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U of G prof receives national recognition

Dr. Beth Parker has been honoured with a Synergy Award for Innovation
Dr. Beth Parker has been recognized nationally for advances in groundwater protection.

The following article was provided by University of Guelph news services.

For two decades, professor Beth Parker, a professor in the School of Engineering and director of the Morwick G360 Groundwater Research Institute (MG360), has collaborated with the City of Guelph and two environmental engineering firms — Matrix Solutions and WSP Global — to enhance the city’s groundwater monitoring network with state-of-the-science methods to manage risks to the city’s water supply, safeguarding the community’s access to clean uncontaminated water into the future. 

Today, the National Sciences and Engineering Research Council honoured this ongoing collaboration with a prestigious Synergy Award for Innovation, which celebrates impactful partnerships between post-secondary institutions and Canadian public, not-for-profit and industry organizations. 

“It’s so gratifying to have our longstanding partnership recognized, to know that a project we’ve worked away at year after year is making a difference,” said Parker. “Implementing novel ideas from research into practice takes guts, energy and vision. The reward has been a new level of insight into tackling complex problems, the synergies that come from partnerships with distinct areas of expertise across community sectors and training the next generation of professionals.”  

“As a groundwater community, the City of Guelph is thrilled to partner with the University to ensure we are using leading-edge best practices to keep our groundwater safe and available for Guelphites, now and in the future,” said Mayor Cam Guthrie.   

Guelph is the largest Canadian city to draw all its water supply from an underground reservoir known as a bedrock aquifer. Bedrock aquifers are some of the most complex systems to characterize and monitor, said Parker.  

To understand this complex system, Parker and a team of research scientists, postdoctoral fellows and graduate students have carried out an ongoing series of projects, transforming Guelph into a real-world field laboratory. Before this partnership, the very few effective methods for studying contaminant behaviour in fractured bedrock were used sparingly, she said. 

Through continual innovation, the team has developed industry-leading tools and methods to measure water flow rates and contaminant concentrations at sufficiently small scales with precision beyond what is used in conventional practice. This improved resolution increases the accuracy and reliability of the data the team collects, which leads to better informed decision-making for the city.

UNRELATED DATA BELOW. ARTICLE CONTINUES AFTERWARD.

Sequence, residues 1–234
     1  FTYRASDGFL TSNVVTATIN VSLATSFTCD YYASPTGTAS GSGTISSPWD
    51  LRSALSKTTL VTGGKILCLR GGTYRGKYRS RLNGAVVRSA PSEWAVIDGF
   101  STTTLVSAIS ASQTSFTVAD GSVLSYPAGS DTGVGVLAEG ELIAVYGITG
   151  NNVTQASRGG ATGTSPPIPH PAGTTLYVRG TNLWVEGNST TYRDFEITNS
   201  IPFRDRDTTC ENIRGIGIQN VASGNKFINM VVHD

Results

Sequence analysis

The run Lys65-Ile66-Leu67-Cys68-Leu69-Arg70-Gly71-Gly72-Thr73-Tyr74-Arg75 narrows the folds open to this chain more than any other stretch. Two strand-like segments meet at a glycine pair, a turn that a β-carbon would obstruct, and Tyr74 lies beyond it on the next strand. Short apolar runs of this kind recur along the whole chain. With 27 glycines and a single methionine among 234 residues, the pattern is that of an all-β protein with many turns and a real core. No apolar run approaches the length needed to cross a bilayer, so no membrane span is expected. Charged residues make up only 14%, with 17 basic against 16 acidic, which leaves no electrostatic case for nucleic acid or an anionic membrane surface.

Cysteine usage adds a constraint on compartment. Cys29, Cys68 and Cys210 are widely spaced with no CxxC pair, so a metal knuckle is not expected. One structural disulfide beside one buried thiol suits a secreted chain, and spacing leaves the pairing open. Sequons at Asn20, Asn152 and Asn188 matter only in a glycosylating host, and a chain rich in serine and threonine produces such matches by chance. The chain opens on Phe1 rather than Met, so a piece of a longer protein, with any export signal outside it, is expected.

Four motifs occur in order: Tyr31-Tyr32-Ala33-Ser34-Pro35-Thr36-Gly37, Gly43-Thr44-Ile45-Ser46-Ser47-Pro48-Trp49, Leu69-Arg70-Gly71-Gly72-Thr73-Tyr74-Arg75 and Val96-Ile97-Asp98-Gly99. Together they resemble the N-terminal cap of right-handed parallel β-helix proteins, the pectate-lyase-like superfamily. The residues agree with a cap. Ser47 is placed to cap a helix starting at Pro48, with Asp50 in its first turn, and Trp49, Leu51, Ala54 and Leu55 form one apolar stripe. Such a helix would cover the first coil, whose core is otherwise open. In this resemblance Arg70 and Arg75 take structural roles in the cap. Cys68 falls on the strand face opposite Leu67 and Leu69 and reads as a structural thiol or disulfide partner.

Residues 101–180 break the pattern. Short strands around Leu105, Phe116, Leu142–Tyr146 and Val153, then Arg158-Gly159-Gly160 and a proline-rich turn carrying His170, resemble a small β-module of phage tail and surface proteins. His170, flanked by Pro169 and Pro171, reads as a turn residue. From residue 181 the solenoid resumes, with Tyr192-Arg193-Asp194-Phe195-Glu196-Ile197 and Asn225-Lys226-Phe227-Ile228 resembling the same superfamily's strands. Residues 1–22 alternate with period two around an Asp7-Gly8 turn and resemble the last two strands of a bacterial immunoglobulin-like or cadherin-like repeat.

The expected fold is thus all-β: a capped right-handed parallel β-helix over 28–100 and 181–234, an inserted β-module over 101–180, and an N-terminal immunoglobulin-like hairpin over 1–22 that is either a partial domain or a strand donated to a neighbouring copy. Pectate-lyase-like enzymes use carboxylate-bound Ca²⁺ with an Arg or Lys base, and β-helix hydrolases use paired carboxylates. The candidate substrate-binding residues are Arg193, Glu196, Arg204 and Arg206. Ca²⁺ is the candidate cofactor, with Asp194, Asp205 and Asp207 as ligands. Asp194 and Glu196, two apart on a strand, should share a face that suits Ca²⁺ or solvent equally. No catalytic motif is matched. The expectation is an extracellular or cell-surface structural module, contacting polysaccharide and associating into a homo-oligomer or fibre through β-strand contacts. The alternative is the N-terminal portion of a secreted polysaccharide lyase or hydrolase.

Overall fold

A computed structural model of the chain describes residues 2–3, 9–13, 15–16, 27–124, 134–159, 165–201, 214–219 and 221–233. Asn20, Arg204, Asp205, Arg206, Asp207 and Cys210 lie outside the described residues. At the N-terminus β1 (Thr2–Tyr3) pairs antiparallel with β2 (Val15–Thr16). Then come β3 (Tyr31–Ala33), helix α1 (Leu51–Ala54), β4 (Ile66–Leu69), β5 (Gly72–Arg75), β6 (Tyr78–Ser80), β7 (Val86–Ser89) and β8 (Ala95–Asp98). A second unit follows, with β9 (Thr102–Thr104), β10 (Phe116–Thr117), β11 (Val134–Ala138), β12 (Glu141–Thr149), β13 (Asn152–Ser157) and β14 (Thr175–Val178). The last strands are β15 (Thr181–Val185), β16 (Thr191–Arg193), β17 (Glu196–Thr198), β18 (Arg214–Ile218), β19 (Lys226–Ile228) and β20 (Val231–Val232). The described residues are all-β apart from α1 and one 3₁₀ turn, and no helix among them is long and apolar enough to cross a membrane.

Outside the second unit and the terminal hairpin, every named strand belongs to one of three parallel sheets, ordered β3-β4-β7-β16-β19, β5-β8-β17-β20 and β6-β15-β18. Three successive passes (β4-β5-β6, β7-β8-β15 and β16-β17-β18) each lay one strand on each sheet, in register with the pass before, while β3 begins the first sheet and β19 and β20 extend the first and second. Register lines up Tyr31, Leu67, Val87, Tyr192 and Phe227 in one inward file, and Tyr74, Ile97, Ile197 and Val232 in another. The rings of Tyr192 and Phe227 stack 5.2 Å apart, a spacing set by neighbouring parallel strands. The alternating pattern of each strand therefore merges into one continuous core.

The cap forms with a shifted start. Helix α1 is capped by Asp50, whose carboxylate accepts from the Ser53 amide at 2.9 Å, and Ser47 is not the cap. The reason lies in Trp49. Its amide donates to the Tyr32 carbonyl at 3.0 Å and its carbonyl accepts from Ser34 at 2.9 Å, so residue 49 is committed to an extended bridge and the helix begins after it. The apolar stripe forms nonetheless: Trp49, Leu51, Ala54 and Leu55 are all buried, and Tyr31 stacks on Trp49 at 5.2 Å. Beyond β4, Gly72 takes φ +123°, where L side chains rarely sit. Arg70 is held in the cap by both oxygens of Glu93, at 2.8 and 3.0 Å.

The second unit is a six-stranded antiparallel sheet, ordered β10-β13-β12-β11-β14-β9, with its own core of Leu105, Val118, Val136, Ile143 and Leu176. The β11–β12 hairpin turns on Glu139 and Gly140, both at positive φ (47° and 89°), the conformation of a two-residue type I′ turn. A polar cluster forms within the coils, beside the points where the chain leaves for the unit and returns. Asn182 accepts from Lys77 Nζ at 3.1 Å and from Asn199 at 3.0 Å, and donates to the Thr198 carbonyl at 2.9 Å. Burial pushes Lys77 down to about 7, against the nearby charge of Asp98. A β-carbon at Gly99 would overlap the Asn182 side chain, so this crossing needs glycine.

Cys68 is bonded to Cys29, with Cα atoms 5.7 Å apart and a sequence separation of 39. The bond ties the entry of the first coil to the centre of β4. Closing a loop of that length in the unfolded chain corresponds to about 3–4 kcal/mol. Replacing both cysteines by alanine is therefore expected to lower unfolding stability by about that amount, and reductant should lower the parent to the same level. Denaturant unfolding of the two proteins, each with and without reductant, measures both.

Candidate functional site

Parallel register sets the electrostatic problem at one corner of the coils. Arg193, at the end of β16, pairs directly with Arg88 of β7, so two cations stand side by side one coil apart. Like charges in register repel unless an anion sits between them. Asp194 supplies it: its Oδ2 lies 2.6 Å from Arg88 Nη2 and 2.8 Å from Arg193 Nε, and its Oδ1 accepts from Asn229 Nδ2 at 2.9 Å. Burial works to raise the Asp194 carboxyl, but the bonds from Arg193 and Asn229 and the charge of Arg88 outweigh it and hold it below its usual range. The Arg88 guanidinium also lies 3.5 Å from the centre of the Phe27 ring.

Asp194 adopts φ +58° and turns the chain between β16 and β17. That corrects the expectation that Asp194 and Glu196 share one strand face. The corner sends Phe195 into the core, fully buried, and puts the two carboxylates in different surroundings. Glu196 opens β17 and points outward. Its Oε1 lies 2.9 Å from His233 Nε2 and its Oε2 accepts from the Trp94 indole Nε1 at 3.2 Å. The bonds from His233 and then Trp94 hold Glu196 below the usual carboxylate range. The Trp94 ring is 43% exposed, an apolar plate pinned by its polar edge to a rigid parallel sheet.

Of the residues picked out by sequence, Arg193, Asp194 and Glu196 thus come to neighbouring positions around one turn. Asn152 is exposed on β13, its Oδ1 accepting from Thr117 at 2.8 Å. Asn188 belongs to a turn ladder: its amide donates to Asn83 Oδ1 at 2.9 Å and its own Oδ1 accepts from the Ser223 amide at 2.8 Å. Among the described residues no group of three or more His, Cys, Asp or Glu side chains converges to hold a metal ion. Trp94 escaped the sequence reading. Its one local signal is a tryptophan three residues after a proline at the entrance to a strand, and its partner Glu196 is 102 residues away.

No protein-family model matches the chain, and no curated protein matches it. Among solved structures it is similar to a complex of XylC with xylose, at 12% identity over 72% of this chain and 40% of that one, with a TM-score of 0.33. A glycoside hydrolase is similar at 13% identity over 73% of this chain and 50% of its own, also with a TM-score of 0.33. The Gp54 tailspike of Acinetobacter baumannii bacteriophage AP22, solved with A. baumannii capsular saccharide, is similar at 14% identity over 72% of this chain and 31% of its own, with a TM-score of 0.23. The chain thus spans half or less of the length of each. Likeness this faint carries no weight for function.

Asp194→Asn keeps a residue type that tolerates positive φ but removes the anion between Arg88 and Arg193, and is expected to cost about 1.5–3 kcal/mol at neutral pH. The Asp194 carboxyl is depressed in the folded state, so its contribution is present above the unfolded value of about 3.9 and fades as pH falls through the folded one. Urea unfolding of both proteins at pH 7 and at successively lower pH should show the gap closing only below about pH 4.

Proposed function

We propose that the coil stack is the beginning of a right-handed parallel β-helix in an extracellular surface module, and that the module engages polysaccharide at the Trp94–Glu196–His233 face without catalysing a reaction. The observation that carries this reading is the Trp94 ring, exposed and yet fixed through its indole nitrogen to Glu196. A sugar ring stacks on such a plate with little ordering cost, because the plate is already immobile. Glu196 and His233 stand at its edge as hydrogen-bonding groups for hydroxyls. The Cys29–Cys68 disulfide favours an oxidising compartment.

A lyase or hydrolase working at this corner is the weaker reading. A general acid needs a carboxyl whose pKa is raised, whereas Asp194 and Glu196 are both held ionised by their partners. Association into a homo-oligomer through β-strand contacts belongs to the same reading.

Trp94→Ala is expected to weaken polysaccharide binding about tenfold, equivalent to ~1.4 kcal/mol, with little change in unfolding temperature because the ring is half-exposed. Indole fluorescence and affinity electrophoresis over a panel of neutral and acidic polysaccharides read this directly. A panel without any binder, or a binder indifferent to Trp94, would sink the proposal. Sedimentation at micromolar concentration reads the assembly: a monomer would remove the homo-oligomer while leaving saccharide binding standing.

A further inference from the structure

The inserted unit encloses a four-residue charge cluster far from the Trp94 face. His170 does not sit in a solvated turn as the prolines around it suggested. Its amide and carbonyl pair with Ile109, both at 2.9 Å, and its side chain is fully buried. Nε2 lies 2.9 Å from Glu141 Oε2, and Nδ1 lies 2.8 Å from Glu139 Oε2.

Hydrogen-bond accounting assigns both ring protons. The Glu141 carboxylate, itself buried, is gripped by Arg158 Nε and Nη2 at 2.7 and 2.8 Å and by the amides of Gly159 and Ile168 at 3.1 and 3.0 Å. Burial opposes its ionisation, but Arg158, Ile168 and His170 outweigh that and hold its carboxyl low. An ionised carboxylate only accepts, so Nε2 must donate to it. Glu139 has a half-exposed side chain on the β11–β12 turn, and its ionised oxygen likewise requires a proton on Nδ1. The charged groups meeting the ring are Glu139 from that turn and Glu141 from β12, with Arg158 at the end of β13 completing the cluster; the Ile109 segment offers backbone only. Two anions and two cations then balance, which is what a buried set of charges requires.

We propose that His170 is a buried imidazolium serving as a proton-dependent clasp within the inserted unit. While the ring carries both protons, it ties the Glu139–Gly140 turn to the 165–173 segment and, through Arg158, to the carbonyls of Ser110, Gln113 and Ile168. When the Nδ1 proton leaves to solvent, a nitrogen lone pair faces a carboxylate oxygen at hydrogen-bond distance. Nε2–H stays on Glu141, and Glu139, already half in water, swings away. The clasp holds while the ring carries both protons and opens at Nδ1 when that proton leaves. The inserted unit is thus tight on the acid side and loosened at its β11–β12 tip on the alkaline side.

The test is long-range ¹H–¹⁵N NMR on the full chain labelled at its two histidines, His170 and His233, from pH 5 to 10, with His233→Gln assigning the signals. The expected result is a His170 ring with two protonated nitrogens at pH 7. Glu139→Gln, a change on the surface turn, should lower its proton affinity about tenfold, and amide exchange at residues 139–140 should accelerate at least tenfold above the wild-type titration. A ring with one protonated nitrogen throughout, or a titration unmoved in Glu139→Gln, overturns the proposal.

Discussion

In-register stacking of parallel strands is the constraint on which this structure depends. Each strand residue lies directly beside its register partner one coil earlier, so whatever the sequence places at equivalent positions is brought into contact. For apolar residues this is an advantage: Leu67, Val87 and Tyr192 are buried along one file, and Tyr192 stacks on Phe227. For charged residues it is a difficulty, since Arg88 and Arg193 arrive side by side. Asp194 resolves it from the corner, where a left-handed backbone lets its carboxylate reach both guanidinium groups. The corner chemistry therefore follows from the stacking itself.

Their field data have been used to build a detailed numerical model of Guelph’s groundwater system that better represents how aquitards — thin, dense zones of material within or overlaying the bedrock — influence water flow and contaminant migration. It also helps determine the best places to put wells for the highest quality of water. The model is adapted regularly to respond to the most recent field data obtained by both the research team and the city.  

The result is an advanced 3D monitoring network across the city and neighbouring townships used to inform the flow system and its response to climate, pumping and contamination threats. 

“Working with two consulting firms has been invaluable for pushing these new methods and style of data into practice, ensuring data is applied for real-world solutions in a timely manner,” Parker said. “My students and staff have worked hard to collect field data in an efficient manner that facilitates its use in the modelling process by our consulting colleagues.” 

The model guides the city’s policy framework for urban planning and sustainable governance and the multi-level monitoring network that ensures their wells operate safely.  

Guelph has also inspired monitoring practices for other groundwater-reliant communities to protect their groundwater. Nearby, Centre Wellington, Halton Hills and Erin, among others, are using MG360 methods and update the Guelph flow model with their own data.  

“The Synergy Award is a tremendous and well-deserved recognition for Parker, the City of Guelph and their industry partners,” said Rene Van Acker, interim vice-president (research). “Their long-term commitment to understanding our local water sources has led to crucial innovations in groundwater protection, improving lives locally and around the globe now and for future generations.” 

Parker will receive a $200,000 grant from NSERC to further the research. Each partner organization will receive a $50,000 voucher to help fund their future NSERC-funded research partnerships.


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